clouds-1117607_640It is no great surprise that all the major vendors are pushing cloud solutions. With an affiliation to Oracle and recent attendance at the Irish Oracle Usergroup i am seeing a lot of what Oracle is working on in the cloud. Company wise we are working with Oracle to take Oracle Form to Mobile CLoud Services, currently a work in progress but am seeing some great possibilities.

I recently registered to try out Oracle’s Business Intelligence Cloud Service for 31 days. I think Oracle had a lot of catching up to do, having recently used SAP’s Visual BI tool, QLikTech and Tableau. They have certainly come a long way and are pushing ease of use and the ability to connect to a variety of data sources. I will come back with more thoughts on the BI interface but for now wanted to mention how easy it was to setup an automated feed of data from my laptop (could have been any corporate data source I had access to) to the Oracle Cloud Data store.

Oracle provide a BI Cloud Service Data Synch tool. I suspect its roots are in the Siebel BI tools but have not seen or used it over the years. It really was very easy to take a complete Oracle Database User schema and make it available in the BI Cloud tool via a copy or data synch to the cloud.  The Data Synch tool is available from Oracle Technology Network. Run the .exe and the sync product will be installed in a directory.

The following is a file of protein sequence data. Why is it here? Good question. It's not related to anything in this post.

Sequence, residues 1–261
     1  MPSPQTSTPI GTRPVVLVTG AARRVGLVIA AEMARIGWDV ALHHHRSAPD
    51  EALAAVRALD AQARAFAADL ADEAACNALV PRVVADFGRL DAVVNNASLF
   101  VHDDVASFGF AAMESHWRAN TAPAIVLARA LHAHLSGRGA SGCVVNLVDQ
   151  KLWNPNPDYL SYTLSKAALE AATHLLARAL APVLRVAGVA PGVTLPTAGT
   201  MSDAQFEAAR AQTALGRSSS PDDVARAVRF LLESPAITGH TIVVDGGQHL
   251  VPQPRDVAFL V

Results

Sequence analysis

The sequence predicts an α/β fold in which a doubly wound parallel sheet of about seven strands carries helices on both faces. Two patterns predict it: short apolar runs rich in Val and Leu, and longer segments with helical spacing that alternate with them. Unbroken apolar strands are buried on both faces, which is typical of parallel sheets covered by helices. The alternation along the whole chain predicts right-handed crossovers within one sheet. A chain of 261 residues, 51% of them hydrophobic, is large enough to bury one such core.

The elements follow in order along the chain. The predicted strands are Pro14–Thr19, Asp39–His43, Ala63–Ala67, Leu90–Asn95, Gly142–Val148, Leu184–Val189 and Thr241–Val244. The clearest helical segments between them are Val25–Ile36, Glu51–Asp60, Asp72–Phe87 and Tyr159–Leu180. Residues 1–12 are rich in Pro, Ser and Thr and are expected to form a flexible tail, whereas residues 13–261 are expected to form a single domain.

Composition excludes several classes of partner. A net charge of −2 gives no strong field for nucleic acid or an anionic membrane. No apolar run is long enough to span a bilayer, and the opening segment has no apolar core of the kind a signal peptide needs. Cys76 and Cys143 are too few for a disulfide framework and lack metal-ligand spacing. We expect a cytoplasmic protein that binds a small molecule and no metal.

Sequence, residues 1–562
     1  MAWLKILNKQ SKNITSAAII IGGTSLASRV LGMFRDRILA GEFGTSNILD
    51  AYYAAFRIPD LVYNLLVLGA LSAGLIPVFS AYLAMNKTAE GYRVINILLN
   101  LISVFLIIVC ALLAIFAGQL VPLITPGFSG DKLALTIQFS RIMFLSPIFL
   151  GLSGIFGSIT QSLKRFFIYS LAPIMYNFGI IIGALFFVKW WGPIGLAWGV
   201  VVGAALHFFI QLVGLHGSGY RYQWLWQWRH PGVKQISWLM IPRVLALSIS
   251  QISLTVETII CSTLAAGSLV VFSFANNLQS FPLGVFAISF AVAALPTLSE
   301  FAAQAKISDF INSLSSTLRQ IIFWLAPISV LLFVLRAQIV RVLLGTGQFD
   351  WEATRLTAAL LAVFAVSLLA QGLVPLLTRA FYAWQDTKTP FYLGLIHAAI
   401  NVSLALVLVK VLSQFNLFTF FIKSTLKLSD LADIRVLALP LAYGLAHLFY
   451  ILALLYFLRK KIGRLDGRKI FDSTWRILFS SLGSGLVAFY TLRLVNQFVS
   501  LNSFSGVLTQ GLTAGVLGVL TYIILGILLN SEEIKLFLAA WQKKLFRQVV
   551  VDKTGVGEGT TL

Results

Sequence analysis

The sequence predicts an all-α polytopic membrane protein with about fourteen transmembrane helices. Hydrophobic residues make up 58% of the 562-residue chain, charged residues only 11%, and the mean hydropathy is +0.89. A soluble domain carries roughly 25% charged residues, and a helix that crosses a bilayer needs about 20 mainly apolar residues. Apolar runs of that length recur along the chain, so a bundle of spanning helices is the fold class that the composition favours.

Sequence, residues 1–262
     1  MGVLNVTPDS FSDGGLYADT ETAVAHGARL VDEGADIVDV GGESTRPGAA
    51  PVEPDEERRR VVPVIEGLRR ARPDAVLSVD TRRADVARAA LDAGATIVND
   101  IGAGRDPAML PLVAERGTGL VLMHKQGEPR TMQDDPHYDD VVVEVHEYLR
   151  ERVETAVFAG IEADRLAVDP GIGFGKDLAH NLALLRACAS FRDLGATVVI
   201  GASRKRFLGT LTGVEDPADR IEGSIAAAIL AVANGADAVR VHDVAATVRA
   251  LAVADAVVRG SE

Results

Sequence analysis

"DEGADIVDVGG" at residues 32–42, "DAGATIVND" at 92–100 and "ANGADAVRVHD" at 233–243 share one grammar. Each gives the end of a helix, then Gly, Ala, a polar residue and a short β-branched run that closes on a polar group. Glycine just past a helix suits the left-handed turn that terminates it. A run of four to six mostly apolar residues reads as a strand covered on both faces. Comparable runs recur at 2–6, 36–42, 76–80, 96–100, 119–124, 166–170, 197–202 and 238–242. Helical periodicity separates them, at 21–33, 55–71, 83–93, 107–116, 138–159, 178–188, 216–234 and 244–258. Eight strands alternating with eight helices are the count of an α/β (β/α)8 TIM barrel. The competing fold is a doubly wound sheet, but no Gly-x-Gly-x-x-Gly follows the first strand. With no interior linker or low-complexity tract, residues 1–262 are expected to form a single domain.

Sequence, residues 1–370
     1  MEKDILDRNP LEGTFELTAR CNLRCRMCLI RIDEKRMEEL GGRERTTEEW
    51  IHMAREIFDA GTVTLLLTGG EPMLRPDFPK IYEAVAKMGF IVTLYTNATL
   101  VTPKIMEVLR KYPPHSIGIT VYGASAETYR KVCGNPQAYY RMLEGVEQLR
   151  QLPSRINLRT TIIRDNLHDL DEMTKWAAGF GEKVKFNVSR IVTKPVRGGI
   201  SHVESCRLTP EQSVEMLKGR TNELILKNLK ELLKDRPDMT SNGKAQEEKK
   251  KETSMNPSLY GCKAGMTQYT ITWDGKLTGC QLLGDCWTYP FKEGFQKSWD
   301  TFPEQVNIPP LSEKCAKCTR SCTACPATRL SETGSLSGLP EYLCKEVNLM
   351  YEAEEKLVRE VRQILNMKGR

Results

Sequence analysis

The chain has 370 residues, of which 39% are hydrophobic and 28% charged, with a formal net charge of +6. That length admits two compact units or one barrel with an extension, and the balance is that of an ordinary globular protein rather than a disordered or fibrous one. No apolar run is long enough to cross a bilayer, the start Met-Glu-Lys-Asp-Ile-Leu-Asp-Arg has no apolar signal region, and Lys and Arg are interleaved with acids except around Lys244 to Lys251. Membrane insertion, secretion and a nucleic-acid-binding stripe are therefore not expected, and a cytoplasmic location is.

To setup the sync tool you need to set the Java_HOME in the config.bat file (sadly I am on Windows). Watch the quotes if you have a space in the path..

set JAVA_HOME=”C:\Program Files\Java\jdk1.8.0_74″

Run datasync.bat and configure the database connections – one for the supplying data source, one for the receiving data source in the cloud. I used my local Oracle 12c database on my laptop with Oracle(Thin) connection type. As simple or difficult as your envidata_sourceronment allows. This really is targeted at the business user as you can load from file or from a good selection of data stores. As well as the data sources listed here, TimesTen and Teradata are also supported. No SAP Hana! The target is in the cloud and only requires a username (my email address), my password for Oracle Cloud services and the URL of the Cloud Service – for me that was

I then created a Project and chose Tables or Views to Sync to the cloud. Since I was using an Oracle Database as a source I picked Tables using the Relational Data tab.

Create a Job for the Project. This can be a one off sync or can have a repeating schedule. Then just Run the Job from the top level buttons. The data was quickly up in the cloud and available to the new BI Cloud tool. The Sync tool does not exactly have an elegant interface but does the job well.

Now that I have some data in the Cloud I will try out the new Cloud BI Cloud Service on what I see as my Cloud data